The chief selection is happening at a critical moment for Seattle, which since 2012 has been subject to a federal consent decree that then-U.S. Attorney Durkan helped obtain, requiring the police department to address excessive force and biased policing.
In January, U.S. District Judge James Robart determined the city to be in compliance with the decree, triggering a two-year review period in which the department must show its reforms are locked in.
The city also is negotiating with SPOG, which represents more than 1,300 officers and sergeants, on a new contract considered key to carrying out police-accountability reforms. The union has been working without a contract since 2014, but it sent an email to its members last week that signaled a breakthrough in negotiations.
SPOG issued a statement Tuesday, thanking Durkan for her decision and praising Best for her work “establishing relationships with the many diverse communities in the city as well as the rank and file officers.”
Reyes, who has built a reputation as an “extremely intelligent” officer, offered his congratulations to Best on Tuesday and wished her the “best of luck.” He said he was thankful for the opportunity to go through his first police-chief selection process.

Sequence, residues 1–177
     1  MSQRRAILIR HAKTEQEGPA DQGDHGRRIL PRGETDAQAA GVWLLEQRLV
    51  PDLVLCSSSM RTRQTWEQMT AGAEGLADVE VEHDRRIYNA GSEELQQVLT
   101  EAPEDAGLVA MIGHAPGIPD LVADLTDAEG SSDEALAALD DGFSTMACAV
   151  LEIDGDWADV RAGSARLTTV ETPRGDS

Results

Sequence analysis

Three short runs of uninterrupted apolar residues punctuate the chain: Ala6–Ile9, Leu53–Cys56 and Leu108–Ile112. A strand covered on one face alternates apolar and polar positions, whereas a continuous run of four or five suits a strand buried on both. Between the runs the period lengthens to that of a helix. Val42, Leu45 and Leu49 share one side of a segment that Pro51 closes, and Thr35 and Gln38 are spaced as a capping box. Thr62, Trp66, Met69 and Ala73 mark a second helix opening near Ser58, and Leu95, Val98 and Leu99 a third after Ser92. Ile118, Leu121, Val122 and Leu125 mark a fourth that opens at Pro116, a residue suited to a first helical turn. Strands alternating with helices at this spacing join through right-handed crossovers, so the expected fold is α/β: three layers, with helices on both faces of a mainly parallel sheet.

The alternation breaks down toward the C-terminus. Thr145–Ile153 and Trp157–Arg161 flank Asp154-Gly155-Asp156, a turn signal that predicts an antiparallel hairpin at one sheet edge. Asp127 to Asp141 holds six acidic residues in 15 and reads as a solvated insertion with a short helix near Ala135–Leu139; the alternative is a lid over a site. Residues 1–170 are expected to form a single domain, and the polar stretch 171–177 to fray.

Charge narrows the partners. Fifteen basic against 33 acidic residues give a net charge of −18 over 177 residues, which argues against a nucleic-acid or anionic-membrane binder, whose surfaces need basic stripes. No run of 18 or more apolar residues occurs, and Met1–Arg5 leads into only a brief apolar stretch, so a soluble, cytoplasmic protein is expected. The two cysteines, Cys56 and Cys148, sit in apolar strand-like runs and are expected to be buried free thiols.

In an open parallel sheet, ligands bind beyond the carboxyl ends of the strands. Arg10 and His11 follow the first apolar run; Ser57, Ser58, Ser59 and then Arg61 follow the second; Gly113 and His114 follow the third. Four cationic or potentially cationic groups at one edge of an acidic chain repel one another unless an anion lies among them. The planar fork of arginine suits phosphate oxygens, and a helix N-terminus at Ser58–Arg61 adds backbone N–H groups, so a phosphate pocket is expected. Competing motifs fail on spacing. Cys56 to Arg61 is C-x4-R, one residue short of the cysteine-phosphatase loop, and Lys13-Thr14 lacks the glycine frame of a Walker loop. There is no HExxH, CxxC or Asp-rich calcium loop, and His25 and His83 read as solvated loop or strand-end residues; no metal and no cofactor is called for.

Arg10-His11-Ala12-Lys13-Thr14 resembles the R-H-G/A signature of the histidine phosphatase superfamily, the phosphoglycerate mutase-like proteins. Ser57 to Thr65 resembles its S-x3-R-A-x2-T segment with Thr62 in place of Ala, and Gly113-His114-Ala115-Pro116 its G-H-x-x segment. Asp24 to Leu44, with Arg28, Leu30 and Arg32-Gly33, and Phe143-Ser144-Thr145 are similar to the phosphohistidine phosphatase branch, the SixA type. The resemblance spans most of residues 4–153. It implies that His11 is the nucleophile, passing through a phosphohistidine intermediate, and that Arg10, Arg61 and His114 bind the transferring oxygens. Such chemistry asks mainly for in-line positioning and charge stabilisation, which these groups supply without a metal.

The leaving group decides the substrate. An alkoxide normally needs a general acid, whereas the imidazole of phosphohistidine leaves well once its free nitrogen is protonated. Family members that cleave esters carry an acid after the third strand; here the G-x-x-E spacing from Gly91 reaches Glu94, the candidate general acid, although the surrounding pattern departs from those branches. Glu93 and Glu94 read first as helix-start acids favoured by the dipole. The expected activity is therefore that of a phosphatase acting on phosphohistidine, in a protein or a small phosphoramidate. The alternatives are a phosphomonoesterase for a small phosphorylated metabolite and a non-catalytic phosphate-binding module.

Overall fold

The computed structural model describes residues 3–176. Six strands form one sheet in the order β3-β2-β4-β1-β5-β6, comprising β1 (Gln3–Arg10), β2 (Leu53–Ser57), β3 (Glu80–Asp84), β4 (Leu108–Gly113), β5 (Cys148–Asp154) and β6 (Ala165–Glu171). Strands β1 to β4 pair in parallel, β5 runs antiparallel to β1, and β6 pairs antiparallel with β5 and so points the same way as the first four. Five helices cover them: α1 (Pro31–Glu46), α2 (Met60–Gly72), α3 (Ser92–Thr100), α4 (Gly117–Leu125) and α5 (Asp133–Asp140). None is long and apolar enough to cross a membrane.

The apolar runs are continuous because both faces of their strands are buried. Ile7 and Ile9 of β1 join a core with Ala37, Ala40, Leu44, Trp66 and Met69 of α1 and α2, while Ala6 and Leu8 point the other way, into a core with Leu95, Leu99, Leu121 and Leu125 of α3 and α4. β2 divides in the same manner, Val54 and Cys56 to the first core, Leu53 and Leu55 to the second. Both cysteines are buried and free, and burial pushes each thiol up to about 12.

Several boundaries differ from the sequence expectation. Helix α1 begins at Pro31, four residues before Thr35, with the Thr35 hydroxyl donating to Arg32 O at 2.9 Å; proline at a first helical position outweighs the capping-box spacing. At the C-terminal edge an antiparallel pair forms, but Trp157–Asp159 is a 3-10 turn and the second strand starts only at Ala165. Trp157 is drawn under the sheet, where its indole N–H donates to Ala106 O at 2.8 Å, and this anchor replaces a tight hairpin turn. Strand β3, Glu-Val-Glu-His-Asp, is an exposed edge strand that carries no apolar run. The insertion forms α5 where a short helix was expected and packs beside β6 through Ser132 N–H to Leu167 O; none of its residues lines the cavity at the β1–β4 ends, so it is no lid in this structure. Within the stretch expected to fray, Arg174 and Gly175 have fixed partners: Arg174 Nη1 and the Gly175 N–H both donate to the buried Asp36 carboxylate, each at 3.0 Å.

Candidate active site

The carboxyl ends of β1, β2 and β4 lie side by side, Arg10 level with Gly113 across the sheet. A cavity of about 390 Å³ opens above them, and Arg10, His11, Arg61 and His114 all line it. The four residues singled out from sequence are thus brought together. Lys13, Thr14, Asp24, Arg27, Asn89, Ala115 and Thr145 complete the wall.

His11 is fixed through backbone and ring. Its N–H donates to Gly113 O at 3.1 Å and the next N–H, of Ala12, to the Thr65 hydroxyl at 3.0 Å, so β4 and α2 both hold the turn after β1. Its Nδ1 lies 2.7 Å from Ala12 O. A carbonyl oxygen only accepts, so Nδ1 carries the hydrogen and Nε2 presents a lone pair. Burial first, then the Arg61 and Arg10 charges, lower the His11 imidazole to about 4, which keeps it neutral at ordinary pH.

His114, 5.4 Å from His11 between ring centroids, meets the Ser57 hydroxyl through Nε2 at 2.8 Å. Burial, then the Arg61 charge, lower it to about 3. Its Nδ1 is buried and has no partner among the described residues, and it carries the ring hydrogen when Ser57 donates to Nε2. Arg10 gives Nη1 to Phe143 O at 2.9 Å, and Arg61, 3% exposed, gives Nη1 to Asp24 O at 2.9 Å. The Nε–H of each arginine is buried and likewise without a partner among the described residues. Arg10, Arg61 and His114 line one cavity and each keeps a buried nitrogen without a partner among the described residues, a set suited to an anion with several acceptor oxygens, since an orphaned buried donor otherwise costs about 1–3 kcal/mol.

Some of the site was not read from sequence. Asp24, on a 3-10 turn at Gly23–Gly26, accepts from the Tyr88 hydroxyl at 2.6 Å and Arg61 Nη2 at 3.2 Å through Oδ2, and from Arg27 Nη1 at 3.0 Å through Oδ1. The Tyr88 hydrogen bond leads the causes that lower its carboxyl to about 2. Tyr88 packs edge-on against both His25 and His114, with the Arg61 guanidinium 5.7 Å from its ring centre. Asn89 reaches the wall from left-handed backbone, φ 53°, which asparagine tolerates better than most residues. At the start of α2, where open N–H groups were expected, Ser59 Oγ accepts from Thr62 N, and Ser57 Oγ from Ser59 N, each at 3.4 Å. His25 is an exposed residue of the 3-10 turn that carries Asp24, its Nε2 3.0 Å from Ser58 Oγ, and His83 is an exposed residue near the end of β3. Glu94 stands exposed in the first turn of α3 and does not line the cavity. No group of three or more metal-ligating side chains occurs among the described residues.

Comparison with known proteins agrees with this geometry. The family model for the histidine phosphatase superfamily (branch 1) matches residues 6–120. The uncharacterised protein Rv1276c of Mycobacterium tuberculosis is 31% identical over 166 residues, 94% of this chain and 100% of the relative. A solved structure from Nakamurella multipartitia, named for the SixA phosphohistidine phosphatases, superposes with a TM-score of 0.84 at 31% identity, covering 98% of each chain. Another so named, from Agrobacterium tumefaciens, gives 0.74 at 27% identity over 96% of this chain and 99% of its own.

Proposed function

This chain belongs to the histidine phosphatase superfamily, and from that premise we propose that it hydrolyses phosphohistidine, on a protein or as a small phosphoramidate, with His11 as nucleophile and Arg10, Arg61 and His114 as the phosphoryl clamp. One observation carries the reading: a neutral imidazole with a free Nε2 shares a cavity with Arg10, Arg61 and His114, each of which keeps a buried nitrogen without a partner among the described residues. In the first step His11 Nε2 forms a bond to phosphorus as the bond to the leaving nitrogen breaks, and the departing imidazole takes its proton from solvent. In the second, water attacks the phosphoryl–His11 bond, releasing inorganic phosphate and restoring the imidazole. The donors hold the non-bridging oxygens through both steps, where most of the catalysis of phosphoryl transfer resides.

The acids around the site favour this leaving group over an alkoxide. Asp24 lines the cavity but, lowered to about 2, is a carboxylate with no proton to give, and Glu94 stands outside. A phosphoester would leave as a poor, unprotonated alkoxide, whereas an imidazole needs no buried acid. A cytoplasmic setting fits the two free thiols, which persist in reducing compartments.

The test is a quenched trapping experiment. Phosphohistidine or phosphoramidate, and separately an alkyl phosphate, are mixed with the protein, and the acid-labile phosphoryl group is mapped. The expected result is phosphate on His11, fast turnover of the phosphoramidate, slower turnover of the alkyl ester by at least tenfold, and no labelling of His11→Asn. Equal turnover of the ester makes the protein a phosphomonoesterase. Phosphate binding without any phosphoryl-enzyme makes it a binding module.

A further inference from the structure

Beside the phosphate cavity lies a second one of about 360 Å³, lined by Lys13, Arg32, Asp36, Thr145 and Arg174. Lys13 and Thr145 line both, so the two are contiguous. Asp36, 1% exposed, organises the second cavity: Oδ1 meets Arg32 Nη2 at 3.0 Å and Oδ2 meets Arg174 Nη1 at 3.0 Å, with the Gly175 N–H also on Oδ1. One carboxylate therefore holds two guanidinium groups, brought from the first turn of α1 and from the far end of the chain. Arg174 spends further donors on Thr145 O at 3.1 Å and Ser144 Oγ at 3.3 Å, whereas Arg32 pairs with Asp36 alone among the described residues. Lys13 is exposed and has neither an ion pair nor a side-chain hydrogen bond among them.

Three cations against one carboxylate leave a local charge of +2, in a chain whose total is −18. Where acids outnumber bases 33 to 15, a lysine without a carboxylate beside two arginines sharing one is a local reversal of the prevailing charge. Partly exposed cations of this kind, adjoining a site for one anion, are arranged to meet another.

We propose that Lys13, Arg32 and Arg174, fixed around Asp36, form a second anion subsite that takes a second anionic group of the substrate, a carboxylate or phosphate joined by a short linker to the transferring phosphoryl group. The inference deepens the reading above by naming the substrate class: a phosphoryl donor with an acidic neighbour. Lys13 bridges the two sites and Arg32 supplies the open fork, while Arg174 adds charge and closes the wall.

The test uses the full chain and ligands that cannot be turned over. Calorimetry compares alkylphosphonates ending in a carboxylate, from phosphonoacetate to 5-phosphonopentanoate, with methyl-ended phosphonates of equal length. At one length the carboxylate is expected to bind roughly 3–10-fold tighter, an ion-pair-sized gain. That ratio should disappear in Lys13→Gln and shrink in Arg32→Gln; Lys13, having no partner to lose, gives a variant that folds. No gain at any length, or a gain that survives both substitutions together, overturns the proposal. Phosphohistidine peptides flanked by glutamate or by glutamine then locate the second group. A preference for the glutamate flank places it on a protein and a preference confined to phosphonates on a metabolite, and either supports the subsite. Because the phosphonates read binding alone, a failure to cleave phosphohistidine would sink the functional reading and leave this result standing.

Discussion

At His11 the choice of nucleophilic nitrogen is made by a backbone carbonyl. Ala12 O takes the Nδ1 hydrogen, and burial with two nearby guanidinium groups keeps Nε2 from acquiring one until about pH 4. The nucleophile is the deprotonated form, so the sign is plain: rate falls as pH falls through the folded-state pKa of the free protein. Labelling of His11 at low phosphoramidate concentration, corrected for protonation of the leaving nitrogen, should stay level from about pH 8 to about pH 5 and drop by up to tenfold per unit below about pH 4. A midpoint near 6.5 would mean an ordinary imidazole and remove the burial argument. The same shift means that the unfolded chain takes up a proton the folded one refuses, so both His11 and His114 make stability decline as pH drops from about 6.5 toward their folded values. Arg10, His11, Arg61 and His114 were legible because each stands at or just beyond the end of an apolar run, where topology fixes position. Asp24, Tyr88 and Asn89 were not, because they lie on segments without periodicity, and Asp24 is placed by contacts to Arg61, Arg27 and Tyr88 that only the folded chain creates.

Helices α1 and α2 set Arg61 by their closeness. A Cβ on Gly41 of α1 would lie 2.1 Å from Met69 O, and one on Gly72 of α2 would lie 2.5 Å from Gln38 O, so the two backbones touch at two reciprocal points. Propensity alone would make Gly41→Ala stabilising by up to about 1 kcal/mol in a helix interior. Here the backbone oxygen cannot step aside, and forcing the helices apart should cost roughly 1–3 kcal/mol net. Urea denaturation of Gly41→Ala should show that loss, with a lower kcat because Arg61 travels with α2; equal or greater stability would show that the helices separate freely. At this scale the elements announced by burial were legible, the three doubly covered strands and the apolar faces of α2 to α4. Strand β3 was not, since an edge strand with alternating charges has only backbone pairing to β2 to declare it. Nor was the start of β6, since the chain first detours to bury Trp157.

Frizell, who couldn’t be reached for comment, heads up a downtown precinct, where his campaigns to reduce violent crime have won acclaim and stirred controversy.
Best, hired in 1992, has completed a variety of assignments for the Seattle police, including stints in patrol, school safety, media relations and community outreach.
She also has worked as a patrol supervisor and operations lieutenant and has held command positions in the narcotics unit and the robbery, gangs and fugitives unit.
She briefly served as South Precinct commander before a promotion to assistant chief of criminal investigations. Shortly after O’Toole was appointed by Mayor Ed Murray in 2014, O’Toole named Best her deputy chief.
Known for her warm approach to interacting with community members, Best twice Tuesday sought to lighten the atmosphere inside City Hall.
Taking the podium, she compared the excitement surrounding her nomination to the anticipation of a video of Seattle police officers competing in a lip-sync battle.
Thanking her husband, Larry, for his support throughout her career, Best joked, “My husband often says he’s the other man in my life because I’m married to the job. Now that I’m chief … I’m really married to the job.” Then she burst out laughing.